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Recent Patents on Anti-Cancer Drug Discovery


ISSN (Print): 1574-8928
ISSN (Online): 2212-3970

Incidence of Profound Hypogammaglobulinemia and Infection Rate in Lymphoma Patients Following the Combination of Chemotherapy and Rituximab

Author(s): Kalman Filanovsky, Edward B. Miller, Erica Sigler, Alain Berrebi and Lev Shvidel

Volume 11, Issue 2, 2016

Page: [228 - 235] Pages: 8

DOI: 10.2174/1574892811666160129110614

Price: $65


Background: The Anti-CD20 monoclonal antibody Rituximab suppresses B-lymphocytes and may induce hypogammaglobulinemia in treated patients. The incidence and clinical significance of rituximab induced hypogammaglobulinemia in lymphoma patients is underestimated.

Methods: We retrospectively analyzed the rates of hypogammaglobulinemia, infection and infectionrelated mortality in 136 lymphoma patients who were treated with a combination of chemotherapy and rituximab.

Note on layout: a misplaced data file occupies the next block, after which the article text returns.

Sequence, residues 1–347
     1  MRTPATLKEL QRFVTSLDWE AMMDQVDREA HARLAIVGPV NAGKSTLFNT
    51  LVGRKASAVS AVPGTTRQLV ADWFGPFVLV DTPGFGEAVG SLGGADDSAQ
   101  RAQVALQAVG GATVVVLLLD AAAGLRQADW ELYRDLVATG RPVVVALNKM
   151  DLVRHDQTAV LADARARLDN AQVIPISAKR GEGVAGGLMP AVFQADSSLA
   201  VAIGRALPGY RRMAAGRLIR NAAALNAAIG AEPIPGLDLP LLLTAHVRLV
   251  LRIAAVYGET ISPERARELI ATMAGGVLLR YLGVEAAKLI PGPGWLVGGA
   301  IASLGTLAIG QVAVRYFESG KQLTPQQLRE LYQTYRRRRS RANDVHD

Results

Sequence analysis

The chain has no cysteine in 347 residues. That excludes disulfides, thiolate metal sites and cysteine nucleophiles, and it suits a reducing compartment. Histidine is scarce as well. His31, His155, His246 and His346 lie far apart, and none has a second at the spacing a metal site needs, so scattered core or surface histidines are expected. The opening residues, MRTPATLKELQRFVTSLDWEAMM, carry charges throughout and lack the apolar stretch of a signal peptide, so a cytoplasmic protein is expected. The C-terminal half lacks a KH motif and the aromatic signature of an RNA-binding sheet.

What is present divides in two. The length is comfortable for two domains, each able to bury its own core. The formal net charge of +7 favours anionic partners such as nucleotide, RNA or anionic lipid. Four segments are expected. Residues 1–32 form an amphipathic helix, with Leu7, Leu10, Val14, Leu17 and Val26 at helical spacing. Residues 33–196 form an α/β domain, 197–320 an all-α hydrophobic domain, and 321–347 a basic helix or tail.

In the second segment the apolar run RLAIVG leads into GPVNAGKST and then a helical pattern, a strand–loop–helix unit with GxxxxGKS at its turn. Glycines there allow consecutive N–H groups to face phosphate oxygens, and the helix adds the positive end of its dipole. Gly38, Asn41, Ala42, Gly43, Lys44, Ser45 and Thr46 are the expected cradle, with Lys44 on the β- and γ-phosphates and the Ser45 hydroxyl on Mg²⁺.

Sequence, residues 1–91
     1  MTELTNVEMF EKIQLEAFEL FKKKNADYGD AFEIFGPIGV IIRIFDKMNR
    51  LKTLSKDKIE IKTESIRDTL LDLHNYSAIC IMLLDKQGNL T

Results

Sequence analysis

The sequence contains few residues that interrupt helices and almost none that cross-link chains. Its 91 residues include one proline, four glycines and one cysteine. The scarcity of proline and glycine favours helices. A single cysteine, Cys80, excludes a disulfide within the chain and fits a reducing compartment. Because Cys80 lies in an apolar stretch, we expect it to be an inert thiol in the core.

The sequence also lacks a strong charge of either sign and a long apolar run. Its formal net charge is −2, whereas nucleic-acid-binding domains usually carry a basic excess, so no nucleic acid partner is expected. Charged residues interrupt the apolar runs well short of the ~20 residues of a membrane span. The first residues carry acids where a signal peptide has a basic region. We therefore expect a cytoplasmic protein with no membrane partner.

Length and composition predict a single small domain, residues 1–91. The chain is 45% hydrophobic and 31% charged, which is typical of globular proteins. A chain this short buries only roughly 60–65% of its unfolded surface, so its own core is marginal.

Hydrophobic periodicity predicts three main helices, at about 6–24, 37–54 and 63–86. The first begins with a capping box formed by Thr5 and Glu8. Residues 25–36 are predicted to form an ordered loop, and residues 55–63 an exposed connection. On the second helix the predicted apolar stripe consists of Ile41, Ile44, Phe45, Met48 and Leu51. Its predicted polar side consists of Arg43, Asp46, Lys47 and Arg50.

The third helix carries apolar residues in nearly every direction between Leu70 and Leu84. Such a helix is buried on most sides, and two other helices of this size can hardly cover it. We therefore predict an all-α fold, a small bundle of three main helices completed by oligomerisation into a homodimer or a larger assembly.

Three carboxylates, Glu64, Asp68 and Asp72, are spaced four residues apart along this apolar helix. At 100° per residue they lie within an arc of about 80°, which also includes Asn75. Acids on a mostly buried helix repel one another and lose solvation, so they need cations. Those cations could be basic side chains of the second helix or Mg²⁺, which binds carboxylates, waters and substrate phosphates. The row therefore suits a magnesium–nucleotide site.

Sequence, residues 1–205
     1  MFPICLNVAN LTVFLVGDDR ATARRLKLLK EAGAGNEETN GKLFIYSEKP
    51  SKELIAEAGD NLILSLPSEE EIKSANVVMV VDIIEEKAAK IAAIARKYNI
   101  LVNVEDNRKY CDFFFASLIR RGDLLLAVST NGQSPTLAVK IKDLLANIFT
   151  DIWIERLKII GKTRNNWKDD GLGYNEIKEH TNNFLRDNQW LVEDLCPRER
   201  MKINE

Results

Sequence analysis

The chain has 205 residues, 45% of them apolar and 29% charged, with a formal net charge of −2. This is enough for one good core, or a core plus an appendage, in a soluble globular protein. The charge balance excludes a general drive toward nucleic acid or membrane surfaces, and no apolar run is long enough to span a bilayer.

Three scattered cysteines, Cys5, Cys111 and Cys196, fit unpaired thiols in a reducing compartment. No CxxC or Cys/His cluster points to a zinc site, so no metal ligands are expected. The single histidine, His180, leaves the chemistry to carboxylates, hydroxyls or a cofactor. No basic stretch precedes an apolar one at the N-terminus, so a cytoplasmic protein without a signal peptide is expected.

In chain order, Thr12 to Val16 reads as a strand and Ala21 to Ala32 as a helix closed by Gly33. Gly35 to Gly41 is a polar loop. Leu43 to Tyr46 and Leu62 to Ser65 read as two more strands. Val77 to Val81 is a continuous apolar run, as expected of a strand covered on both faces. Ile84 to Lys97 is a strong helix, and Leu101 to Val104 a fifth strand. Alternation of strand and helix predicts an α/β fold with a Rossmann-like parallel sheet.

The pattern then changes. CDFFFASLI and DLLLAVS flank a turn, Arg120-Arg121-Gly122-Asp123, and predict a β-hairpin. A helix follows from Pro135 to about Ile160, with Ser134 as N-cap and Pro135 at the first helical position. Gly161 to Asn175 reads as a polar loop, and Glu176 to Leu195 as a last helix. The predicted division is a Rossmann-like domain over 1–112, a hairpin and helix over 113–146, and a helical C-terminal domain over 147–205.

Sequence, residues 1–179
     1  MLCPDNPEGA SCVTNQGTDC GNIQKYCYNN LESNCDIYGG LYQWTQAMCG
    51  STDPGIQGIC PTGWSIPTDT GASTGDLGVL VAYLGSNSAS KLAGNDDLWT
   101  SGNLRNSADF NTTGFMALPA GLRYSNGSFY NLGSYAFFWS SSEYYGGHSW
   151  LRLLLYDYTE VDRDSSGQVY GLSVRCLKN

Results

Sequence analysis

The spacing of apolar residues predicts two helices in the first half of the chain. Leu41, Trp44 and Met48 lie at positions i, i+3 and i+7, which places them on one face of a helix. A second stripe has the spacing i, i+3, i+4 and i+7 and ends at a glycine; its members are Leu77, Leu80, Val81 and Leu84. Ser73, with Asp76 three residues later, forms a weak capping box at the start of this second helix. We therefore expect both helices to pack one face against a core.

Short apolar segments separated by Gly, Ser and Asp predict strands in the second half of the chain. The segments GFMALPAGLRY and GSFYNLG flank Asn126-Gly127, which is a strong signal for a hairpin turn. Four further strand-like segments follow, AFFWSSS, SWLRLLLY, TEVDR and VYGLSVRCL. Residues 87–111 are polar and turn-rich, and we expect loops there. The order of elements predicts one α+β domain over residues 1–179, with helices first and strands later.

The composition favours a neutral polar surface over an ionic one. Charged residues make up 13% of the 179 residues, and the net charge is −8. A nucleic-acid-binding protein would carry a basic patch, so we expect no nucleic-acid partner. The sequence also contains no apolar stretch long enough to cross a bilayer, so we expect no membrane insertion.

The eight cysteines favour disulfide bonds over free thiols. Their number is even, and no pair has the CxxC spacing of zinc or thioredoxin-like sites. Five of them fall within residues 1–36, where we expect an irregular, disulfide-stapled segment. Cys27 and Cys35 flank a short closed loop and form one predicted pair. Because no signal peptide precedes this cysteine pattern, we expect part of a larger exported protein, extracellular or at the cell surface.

Results: Rituximab given in more than 8 doses (OR 6.05, 95% CI: 1.24-29.5), relative hypogammaglobulinemia at time of lymphoma diagnosis (OR 4.2, 95% CI: 1.26-14.1) and the combination of fludarabine with rituximab (OR 3.4, 95% CI: 1.24-9.47) were factors significantly associated with prolonged (more than 6 months) hypogammaglobulinemia. The combination of fludarabine and rituximab (OR 6.4, 95% CI: 1.49-27.0) and secondarily prolonged hypogammaglobulinemia (OR 4.5, 95% CI: 1.19-18.5) were found to be predictive factors for severe infections and infection-related mortality.

Conclusion: These data suggest the importance of following serum immunoglobulin levels before and after combination immuno-chemotherapy, particularly in patients with recurrent infections or relapsed/refractory disease.

Keywords: Hypogammaglobulinemia, immunochemotherapy, infection-related mortality, non-hodgkin lymphoma, nonneutropenic infection, rituximab.

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